July 4, 2017

If you have been hospitalized for some type of pulmonary event, the discharge diagnosis is important. What your doctors have said was your discharge diagnosis, and why you were in the hospital, can influence many things including future care, medications , and assumptions about future symptoms. I bring these issues to your attention because a recent study has shown that the discharge diagnosis of COPD was only confnmed in 56% of the cases. I have indicated many mes that the only way to confinn the diagnosis of COPD is with a breathing test called a spirometry. In this review of 1278 discharges, 21% had no spirometry, 12% could not perf01m the test, and 11% had normal studies. All of these patients left the hospital with the diagnosis of COPD. What this means is that these patients are being treated for a disease they may or, in the case of 11 % , may not have. They will be taking medications and will be considered to have COPD on any future hospitalizations. One of the dangers is that symptoms like shortness of breath will be passed off as being due to their lung disease, and other causes, like coronary anew disease, will be overlooked. Most patients now get a print out of their hospital discharge diagnosis. My advice is to look this over carefully. The diagnosis of COPD should not be made unless confirmed by spiromet1Y. If you do not recall ever having a spirometry, talk to you doctor about your diagnosis.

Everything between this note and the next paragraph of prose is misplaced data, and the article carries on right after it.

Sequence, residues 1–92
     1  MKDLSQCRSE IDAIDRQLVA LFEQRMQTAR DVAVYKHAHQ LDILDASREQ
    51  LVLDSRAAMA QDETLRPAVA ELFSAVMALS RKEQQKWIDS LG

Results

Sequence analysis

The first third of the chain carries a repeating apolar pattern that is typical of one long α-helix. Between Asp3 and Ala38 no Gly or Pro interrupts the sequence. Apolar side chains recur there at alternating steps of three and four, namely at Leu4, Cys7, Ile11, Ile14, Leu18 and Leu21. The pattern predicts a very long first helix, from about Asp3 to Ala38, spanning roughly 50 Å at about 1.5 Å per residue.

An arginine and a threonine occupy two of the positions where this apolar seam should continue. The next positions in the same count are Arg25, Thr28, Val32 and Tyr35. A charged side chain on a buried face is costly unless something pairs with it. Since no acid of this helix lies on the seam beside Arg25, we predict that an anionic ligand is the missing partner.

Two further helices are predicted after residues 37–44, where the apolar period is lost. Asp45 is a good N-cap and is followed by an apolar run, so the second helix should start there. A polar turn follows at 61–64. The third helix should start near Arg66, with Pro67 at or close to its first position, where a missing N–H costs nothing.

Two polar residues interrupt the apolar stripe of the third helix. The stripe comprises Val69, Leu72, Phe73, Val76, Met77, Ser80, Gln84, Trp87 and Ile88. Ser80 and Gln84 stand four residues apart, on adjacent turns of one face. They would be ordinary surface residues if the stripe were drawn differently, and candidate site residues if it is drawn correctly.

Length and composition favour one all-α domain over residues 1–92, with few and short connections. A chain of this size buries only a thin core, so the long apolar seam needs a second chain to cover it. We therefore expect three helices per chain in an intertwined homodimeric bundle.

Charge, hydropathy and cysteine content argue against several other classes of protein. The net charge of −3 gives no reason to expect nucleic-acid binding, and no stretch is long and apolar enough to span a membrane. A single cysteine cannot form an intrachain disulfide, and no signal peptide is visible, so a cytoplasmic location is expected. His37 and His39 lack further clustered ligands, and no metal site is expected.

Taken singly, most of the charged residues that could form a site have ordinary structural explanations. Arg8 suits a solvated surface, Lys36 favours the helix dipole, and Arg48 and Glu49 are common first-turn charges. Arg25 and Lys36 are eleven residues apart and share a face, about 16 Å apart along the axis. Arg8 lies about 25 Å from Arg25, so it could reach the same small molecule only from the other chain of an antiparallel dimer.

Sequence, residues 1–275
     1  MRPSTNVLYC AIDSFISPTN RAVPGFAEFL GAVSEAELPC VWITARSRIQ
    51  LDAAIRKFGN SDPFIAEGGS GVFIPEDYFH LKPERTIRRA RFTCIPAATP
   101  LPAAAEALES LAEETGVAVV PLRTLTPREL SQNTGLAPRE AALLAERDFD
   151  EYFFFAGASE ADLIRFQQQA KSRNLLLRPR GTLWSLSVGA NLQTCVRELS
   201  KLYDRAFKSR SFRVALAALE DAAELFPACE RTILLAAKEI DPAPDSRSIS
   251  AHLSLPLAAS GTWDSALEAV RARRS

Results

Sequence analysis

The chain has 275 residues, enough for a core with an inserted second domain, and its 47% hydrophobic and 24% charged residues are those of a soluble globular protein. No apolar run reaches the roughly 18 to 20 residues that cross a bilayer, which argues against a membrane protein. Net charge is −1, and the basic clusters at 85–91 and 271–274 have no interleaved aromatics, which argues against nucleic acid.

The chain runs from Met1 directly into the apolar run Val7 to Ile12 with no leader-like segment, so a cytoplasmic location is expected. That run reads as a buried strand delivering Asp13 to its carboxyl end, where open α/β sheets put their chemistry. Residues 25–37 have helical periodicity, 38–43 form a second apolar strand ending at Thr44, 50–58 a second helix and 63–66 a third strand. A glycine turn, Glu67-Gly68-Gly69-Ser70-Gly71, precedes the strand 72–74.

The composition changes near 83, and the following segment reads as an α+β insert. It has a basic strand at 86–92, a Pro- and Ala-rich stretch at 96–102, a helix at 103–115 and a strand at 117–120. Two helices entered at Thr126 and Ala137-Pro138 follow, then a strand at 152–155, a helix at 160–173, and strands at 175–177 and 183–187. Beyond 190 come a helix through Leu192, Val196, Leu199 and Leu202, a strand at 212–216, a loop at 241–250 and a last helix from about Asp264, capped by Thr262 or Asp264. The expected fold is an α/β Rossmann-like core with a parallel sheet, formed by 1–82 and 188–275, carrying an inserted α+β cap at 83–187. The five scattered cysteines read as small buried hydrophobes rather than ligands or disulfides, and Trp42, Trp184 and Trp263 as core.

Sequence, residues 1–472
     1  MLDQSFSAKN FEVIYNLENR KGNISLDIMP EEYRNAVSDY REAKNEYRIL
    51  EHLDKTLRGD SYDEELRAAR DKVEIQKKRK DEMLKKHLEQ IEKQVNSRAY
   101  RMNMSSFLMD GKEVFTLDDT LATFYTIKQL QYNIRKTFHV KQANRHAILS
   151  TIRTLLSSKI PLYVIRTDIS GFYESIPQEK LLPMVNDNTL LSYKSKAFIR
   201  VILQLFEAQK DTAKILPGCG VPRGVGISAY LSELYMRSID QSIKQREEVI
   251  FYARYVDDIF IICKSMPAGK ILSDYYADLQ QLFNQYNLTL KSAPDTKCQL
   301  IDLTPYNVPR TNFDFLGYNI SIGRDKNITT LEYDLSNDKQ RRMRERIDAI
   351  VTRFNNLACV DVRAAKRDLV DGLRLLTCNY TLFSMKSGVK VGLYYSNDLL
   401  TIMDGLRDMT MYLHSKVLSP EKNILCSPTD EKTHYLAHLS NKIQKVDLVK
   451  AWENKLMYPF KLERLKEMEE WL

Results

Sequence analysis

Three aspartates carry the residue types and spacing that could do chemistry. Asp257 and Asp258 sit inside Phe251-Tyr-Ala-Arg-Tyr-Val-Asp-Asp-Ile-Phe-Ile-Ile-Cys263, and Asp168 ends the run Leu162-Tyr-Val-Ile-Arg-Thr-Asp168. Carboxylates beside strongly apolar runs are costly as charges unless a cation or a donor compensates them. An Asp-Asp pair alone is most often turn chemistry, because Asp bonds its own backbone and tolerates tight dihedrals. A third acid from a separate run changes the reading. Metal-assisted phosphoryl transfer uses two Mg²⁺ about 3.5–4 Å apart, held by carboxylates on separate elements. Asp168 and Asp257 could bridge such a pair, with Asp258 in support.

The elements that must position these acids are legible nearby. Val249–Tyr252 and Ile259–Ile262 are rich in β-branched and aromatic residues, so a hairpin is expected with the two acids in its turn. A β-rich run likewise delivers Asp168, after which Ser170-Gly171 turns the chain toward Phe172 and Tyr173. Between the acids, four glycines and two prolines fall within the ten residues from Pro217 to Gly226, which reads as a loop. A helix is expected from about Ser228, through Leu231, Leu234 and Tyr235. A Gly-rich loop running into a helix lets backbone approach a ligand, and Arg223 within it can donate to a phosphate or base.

Lung Disease Center of Central Pennsylvania
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The Buzz by Dr. Z

George M. Zlupko, MD, FCCP

Timothy A. Lucas, MD, FCCP

Alan J. Kanouff, DO, FCCP

Dr. Michael C. Zlupko, MD

800 Chestnut Ave
Altoona, PA 16601




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